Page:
Masters Football is an opportunity for pudgy, breathless ex-pros to earn a pension by playing six-a-side games at walking pace.
While any half-decent player today can retire to a house built of solid gold with a bed made of £20 notes, just 10 years ago many top-flight stars only earned a mere lawyer’s wage, which was often squandered on booze (or in Paul Merson’s case replacing the water supply in his West London home with Bovril).
For many fairly famous faces of the 1980s and 90s, Masters Football provides a great chance to scrape up the last dregs of footballing income while wearing shorts long after the age at which they become unsightly.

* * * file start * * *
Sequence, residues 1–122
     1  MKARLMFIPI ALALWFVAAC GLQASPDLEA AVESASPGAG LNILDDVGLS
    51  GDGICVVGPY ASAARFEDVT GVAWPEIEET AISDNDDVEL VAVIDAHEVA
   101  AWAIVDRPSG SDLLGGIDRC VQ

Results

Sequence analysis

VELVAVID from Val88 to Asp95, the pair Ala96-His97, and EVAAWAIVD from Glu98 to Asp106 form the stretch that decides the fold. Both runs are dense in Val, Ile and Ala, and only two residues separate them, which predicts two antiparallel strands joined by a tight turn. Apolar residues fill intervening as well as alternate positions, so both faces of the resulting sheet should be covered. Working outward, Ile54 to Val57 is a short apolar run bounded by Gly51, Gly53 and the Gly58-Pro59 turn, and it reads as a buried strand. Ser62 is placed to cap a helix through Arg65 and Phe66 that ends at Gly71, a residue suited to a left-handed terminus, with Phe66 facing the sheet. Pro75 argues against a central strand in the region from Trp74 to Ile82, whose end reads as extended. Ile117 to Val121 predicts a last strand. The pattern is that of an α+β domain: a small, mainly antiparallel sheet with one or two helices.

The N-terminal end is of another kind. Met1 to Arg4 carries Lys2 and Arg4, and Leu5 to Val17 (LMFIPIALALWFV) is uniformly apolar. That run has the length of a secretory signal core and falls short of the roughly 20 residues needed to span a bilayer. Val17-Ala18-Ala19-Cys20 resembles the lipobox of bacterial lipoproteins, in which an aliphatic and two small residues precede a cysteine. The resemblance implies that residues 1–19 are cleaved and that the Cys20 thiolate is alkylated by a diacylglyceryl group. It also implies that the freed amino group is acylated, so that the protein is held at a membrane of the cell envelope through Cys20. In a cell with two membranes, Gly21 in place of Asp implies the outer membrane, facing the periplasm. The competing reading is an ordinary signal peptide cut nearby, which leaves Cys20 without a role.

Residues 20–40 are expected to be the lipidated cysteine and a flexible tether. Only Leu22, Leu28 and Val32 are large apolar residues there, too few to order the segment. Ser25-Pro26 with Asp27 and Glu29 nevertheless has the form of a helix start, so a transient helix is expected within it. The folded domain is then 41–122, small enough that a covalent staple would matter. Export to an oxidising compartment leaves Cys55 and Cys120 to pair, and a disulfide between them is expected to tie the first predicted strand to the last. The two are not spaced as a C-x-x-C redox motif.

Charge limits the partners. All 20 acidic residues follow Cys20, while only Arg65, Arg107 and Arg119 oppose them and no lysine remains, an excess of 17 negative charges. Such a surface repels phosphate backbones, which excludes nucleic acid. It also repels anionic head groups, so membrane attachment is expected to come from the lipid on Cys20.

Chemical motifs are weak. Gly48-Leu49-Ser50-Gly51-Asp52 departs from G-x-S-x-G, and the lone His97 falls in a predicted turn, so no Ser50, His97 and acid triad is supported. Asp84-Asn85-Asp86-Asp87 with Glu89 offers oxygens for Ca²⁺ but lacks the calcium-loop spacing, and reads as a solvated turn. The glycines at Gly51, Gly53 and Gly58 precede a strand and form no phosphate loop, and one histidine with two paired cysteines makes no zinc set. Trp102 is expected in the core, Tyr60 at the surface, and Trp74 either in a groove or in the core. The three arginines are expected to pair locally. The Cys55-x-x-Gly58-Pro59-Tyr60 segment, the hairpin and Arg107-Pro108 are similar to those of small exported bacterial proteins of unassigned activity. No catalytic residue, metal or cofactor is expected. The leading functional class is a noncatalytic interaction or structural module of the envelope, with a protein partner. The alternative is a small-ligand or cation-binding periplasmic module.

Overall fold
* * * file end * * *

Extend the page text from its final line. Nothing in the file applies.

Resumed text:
Running is frowned upon even in the most passionate of games and tournaments often end in both teams standing still for 20 minutes trying in vain to get their breath back.
All in all, it’s a grim insight into the rapid decline of the professional athlete and it feels a bit like watching Dick Van Dyke giving a lap-dance in a dingy East London pub.